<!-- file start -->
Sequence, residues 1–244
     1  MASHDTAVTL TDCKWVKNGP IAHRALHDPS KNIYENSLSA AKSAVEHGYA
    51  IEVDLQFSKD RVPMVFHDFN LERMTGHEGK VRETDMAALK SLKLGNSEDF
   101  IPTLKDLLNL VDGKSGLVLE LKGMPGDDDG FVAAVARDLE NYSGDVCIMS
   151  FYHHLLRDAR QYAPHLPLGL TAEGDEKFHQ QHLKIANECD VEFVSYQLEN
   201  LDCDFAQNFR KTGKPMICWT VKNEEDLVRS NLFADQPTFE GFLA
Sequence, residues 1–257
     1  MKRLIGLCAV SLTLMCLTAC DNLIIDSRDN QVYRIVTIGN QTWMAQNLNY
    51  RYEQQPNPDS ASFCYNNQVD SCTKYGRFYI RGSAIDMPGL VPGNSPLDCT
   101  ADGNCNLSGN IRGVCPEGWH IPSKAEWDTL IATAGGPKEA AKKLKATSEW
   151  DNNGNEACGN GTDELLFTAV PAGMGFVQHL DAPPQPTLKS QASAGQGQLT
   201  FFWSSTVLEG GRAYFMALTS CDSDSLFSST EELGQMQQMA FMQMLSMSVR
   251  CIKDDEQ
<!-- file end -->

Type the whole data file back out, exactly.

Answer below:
Sequence, residues 1–244
     1  MASHDTAVTL TDCKWVKNGP IAHRALHDPS KNIYENSLSA AKSAVEHGYA
    51  IEVDLQFSKD RVPMVFHDFN LERMTGHEGK VRETDMAALK SLKLGNSEDF
   101  IPTLKDLLNL VDGKSGLVLE LKGMPGDDDG FVAAVARDLE NYSGDVCIMS
   151  FYHHLLRDAR QYAPHLPLGL TAEGDEKFHQ QHLKIANECD VEFVSYQLEN
   201  LDCDFAQNFR KTGKPMICWT VKNEEDLVRS NLFADQPTFE GFLA
Sequence, residues 1–257
     1  MKRLIGLCAV SLTLMCLTAC DNLIIDSRDN QVYRIVTIGN QTWMAQNLNY
    51  RYEQQPNPDS ASFCYNNQVD SCTKYGRFYI RGSAIDMPGL VPGNSPLDCT
   101  ADGNCNLSGN IRGVCPEGWH IPSKAEWDTL IATAGGPKEA AKKLKATSEW
   151  DNNGNEACGN GTDELLFTAV PAGMGFVQHL DAPPQPTLKS QASAGQGQLT
   201  FFWSSTVLEG GRAYFMALTS CDSDSLFSST EELGQMQQMA FMQMLSMSVR
   251  CIKDDEQ